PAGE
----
But still, I don’t put on an outfit and think ‘now my friends will really LOVE this’ before skipping off to a cocktail bar to self-absorbedly bleat, Carrie-like (both Bradshaw and White) about my life problems. I and my friends want to look like the best version of ourselves; comfortable, flattered, fresh, bright, interesting. If we dressed for men we would probably just look the most naked, hairless version of ourselves (save for a smattering of fake tan).

Most women don’t want to do that. I hope.

Cork, I love you, but you’re bringing me down.

Not strictly true, but ‘Oh Cork, I love you, but all this constant travelling and all these prohibitively expensive bus journeys are bringing me down’ didn’t have the same ring.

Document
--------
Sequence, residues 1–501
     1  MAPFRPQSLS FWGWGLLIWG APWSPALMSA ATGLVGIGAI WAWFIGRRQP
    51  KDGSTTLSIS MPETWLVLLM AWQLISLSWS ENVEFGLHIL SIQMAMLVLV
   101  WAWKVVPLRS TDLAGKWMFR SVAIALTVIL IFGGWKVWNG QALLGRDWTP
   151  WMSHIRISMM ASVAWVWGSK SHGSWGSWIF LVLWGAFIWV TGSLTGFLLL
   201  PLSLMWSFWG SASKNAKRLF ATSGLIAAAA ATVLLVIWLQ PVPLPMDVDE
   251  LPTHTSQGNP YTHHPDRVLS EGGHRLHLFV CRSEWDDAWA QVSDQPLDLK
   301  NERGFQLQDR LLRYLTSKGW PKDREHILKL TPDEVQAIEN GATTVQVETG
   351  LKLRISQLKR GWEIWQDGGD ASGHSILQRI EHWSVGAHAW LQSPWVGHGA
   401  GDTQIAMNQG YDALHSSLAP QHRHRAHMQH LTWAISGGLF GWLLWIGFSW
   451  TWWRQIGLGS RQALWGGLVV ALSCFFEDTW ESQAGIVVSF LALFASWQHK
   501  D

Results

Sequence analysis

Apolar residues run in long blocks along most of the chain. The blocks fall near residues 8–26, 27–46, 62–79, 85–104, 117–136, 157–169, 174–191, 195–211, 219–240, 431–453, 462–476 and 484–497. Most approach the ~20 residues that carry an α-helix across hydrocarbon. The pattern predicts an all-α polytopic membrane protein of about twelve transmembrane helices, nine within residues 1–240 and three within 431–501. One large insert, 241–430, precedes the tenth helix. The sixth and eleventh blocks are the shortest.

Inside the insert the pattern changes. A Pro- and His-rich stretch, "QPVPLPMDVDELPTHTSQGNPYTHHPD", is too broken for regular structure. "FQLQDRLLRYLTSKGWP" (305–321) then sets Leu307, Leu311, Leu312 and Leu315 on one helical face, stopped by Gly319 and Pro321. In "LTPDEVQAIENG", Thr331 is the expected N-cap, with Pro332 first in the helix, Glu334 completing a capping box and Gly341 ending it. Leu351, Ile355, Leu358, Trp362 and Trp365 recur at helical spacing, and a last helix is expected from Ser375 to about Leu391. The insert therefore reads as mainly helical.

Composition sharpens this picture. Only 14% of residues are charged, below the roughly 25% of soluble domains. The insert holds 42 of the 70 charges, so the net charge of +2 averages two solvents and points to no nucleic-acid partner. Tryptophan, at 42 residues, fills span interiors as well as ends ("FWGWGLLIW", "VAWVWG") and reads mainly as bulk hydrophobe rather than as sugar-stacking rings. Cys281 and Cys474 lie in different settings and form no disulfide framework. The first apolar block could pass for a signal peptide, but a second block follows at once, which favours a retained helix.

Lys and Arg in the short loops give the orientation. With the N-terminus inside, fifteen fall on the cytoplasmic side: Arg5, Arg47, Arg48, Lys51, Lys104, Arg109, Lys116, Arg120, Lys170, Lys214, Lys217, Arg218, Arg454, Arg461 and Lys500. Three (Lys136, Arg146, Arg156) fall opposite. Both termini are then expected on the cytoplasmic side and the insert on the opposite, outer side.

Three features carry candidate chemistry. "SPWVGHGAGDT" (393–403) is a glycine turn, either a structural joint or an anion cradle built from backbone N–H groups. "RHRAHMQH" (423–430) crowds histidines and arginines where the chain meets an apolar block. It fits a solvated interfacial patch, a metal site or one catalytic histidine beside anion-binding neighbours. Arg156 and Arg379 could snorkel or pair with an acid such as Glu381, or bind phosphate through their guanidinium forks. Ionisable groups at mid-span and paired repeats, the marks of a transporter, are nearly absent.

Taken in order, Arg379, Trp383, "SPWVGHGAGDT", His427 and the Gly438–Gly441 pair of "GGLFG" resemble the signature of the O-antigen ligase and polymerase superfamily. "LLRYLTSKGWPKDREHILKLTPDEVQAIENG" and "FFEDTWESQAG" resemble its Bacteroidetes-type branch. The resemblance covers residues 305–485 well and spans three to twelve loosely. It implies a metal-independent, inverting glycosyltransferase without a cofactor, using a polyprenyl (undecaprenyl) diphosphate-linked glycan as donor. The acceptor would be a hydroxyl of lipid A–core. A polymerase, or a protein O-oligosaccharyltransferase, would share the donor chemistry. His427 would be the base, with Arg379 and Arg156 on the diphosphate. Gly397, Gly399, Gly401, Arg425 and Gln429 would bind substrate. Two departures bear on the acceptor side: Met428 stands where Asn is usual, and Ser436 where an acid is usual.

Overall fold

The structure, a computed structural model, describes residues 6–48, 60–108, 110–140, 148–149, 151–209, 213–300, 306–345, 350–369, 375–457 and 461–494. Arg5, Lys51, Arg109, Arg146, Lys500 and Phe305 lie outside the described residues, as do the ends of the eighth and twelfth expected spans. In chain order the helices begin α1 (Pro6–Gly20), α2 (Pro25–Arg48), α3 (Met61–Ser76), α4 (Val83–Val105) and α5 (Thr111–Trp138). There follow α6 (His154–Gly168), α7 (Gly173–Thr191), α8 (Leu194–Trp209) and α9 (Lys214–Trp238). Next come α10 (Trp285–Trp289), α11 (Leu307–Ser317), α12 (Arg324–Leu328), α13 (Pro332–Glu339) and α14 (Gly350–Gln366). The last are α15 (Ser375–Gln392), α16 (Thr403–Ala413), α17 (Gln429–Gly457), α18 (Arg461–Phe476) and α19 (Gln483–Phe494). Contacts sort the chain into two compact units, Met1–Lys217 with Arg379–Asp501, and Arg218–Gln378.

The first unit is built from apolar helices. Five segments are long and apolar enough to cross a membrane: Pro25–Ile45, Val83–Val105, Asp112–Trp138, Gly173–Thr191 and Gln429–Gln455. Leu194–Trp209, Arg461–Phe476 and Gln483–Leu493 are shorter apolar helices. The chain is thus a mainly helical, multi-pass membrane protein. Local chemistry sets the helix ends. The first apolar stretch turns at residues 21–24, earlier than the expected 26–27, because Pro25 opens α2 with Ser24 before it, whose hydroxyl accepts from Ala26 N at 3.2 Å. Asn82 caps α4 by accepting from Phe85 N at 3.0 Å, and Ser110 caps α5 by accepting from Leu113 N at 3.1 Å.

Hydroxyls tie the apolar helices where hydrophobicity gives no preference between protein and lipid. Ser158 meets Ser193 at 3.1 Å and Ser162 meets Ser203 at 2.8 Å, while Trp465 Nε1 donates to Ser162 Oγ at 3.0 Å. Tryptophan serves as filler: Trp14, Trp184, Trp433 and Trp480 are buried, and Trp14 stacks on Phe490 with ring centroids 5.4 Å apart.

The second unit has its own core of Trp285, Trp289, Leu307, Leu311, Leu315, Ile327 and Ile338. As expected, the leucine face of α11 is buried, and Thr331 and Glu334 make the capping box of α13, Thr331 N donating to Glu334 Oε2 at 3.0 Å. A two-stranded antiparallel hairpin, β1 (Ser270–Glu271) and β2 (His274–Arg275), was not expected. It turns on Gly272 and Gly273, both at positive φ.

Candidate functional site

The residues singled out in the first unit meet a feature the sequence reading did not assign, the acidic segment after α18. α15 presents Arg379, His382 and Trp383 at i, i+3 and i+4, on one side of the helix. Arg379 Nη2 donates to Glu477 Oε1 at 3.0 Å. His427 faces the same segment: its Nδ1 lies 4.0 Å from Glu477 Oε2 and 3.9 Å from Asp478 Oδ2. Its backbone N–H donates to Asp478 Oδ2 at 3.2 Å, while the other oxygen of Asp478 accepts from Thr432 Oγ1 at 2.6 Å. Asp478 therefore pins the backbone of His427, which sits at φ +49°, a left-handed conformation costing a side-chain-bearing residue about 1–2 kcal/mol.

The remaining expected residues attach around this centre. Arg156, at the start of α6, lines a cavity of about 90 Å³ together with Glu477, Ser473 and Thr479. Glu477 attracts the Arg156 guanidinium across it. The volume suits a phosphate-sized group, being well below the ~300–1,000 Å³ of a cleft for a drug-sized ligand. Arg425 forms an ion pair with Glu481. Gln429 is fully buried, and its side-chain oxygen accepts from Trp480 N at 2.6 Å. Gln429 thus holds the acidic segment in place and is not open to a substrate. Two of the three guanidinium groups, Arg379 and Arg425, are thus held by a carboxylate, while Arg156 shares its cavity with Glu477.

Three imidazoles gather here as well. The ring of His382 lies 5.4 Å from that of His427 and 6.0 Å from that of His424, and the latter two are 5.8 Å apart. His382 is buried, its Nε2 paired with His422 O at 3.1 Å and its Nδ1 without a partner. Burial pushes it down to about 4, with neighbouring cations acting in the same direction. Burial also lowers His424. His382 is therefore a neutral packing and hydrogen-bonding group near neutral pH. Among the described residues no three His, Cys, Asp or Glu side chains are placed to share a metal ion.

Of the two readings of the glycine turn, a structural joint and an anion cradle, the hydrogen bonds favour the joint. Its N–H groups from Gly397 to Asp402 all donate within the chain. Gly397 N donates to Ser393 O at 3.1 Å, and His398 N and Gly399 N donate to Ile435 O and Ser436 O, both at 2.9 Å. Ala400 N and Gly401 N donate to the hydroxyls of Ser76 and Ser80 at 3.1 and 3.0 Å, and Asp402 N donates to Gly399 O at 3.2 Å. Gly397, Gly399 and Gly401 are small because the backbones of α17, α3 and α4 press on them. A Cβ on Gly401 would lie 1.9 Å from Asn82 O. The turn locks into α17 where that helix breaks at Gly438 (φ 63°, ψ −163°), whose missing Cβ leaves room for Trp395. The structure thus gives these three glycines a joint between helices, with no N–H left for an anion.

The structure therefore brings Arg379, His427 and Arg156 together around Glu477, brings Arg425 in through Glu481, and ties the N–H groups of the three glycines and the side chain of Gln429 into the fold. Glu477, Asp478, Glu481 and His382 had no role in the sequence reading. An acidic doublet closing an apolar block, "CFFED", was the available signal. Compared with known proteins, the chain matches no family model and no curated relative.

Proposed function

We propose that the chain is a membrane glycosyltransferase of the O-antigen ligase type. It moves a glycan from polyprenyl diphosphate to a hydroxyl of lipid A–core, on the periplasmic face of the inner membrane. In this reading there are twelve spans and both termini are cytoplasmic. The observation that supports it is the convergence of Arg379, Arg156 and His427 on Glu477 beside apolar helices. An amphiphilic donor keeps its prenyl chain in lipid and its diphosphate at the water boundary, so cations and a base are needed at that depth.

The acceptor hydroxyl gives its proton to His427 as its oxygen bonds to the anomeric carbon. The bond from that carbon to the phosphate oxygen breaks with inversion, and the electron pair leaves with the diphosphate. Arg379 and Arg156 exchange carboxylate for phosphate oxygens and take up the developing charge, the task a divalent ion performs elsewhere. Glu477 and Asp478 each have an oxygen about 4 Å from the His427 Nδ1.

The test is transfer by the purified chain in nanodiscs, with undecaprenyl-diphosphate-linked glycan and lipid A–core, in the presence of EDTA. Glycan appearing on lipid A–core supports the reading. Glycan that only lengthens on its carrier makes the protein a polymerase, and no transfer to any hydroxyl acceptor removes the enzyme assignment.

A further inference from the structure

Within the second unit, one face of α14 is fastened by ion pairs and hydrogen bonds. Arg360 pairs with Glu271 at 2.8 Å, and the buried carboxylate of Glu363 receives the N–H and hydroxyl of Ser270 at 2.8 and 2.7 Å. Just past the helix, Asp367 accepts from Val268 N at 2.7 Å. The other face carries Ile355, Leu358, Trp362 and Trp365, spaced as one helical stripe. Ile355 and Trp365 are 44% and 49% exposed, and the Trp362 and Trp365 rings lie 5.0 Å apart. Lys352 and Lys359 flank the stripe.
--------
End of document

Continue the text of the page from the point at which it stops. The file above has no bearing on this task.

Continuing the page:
I’m no longer in Cork full time, so I divide my time between my parent’s place in Kerry, Cork and Dublin. The constant travelling pretty much means that I’m on a monochromatic palette 24/7. The new uniform.

When I’m in Cork I now tend to do touristy things, like hang around The English Market, or things I used to do in Cork years ago, like go to the Brog – that stuff never ends well. This outfit took me to both places. You just get to see the former, although I did end up walking home at 6am, sans glasses and dignity, which I probably left somewhere on Western Road – so you’re not missing much.

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The Reading List: The WAH! Nails Book of Nail Art